Dogra's view is well supported by the facts. India's handloom sector is the biggest in the world and employs 65 lakh workers directly or indirectly.

According to the Report of the Working Group on Textiles and Jute Industry For the Eleventh Five Year Plan (2007-12) it contributes about 15% of the country's cloth production, and brings in hundreds of millions of dollars in export earnings annually.

This low-capital-intensive industry has no import content in assets/raw materials and presents a vast array of environmentally friendly products. In addition, as the report suggests, it has the "potential to arrest migration of population to urban areas", a growing concern in recent years.

In 2001, such considerations prompted "Find Your Feet" (FYF), the Indian arm of a UK-based charity to make the first efforts to assist weavers, primarily by setting up self-help groups that allowed them to work without middlemen in the economic chain. The most important step was the building of the Benares Bunkar Samiti (BBS), an aggregate of 97 self-help groups of weavers and artisans, with 1296 members spread across two blocks (of Chiraigaon, 49 villages and Cholapur, 13 villages).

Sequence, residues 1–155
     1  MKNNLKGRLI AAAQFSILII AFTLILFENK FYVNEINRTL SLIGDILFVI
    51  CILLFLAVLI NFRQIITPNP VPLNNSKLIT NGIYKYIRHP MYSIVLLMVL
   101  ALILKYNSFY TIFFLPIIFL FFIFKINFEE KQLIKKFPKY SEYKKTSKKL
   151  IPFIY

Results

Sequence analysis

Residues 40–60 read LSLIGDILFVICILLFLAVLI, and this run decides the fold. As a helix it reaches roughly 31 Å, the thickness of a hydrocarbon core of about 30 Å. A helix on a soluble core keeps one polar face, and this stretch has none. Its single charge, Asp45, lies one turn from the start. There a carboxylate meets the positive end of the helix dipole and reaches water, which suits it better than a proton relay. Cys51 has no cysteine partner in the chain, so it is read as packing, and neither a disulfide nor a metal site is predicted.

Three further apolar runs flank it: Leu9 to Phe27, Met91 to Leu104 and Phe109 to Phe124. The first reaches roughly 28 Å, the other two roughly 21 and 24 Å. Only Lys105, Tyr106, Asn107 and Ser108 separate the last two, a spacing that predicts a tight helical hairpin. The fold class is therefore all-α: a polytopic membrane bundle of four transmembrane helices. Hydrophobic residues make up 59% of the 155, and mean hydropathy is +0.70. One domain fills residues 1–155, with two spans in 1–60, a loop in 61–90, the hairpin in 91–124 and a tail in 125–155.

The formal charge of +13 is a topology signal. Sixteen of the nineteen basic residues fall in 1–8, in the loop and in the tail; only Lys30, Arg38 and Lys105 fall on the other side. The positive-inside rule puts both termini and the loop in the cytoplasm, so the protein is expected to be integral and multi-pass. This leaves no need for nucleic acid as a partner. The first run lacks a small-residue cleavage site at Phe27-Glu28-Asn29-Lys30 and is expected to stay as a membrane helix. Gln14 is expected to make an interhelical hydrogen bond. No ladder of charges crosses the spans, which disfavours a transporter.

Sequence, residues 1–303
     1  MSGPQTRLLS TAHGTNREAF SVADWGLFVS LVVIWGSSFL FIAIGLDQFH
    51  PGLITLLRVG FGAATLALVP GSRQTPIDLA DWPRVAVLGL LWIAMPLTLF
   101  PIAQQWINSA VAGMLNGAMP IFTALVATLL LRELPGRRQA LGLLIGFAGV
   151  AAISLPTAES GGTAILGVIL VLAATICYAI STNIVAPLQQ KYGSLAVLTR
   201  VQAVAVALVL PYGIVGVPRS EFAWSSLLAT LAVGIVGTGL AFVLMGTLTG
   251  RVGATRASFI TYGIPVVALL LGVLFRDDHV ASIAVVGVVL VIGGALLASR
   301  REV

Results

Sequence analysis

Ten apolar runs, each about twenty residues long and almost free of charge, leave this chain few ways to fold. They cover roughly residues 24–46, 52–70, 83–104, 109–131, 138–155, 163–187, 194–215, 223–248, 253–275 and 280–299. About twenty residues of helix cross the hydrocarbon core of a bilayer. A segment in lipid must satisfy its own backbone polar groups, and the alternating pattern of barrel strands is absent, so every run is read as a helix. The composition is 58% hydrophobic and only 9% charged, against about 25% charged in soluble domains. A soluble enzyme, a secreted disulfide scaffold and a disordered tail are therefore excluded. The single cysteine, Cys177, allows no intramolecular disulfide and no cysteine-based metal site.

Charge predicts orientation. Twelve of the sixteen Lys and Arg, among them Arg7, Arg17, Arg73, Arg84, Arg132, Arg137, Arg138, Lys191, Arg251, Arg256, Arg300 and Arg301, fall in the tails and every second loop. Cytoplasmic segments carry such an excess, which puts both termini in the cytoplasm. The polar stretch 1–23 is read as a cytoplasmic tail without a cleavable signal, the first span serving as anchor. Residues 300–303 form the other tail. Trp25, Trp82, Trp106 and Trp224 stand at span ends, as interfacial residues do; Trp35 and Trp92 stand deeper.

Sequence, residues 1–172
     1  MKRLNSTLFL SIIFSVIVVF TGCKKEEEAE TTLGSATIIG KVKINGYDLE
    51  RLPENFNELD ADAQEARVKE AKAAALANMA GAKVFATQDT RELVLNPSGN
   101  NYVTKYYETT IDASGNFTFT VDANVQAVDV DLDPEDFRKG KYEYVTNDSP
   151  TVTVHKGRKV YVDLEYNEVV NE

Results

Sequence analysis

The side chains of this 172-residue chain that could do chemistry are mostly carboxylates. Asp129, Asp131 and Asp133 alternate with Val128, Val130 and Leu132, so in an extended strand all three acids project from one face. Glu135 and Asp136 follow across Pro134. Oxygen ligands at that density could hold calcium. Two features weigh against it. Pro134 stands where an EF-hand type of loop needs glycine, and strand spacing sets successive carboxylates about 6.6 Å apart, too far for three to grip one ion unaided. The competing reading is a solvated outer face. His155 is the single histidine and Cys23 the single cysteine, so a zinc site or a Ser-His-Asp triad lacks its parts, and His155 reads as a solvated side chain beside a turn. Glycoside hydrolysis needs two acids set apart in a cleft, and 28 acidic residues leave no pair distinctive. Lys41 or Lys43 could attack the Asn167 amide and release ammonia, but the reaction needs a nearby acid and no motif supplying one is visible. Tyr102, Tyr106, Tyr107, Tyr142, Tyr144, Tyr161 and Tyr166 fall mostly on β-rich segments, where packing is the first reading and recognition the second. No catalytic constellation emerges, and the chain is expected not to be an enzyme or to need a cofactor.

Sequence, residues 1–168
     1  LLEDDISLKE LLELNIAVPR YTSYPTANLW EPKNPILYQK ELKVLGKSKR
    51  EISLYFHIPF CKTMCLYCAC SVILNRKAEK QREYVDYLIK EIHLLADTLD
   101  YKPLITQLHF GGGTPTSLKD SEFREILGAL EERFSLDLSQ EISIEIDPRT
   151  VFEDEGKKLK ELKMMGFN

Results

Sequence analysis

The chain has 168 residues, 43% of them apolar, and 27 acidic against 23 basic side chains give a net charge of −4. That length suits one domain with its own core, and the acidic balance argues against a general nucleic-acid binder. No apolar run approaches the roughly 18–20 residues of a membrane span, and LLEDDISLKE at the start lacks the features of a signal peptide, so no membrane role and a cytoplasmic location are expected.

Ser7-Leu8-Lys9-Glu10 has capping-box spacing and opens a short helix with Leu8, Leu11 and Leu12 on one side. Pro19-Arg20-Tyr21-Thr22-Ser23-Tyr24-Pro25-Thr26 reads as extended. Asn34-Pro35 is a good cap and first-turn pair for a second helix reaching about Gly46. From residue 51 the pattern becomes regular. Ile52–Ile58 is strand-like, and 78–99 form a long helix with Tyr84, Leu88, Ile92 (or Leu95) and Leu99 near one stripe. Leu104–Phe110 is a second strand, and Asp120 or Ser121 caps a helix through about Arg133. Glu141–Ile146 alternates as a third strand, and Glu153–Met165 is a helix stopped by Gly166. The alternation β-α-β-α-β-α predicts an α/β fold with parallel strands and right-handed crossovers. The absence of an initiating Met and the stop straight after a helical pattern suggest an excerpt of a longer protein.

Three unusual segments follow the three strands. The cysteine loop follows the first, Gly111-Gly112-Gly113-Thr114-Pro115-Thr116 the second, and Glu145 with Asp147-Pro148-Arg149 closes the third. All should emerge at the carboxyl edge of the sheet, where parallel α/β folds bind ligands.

As on September 30, 2009, the total savings of the SHGs members was Rs 18,38,155, total grant of Revolving Fund from FYF was Rs.4,94,845, total interest earned from members was Rs 158,232 taking the total Group Fund to Rs.24,91,232 while the percentage of group loan recovery stood at a handsome 72%.

In April 2005, after the pilot had been successful, DFID stepped in to support FYF to fund the project with 245,399 British Pounds for five years, money which will now help in expanding the project to the neighbouring districts of Mau and Ghazipur.

"The weavers had faced the worst of the crisis. Our first concern was only to have a revolving fund grow so that immediate livelihood issues could be tackled but one of our board members brought in the GI idea", says Savitri Sharma, director of FYF, India.

By 2004-5, with a lot of capacity building and training inputs from Saksham India Trust (SIT, the development resource cell of FYF), the BBS was ready to apply for the GI. BBS in fact became the first applicant for the GI.

In addition to the Indian government's own commitment to protecting Intellectual Property rights, the case for GI status for brocade and Benarsi saris received a boost from Supachai Panitchpakdi, Secretary General of the United Nation Conference Of Trade And Development (UNCTAD). During a visit to Varanasi in August 2008, he declared: "We would like to support the effort to have a formal geographical indication, of course, at national level. There would be a subsequent international recognition of this product of 'Banarsi silk sarees' and brocades and other products that should be gaining in terms of more value outside India as well." (The Economic Times, 19 August 2008).

[To read the full article, please click here]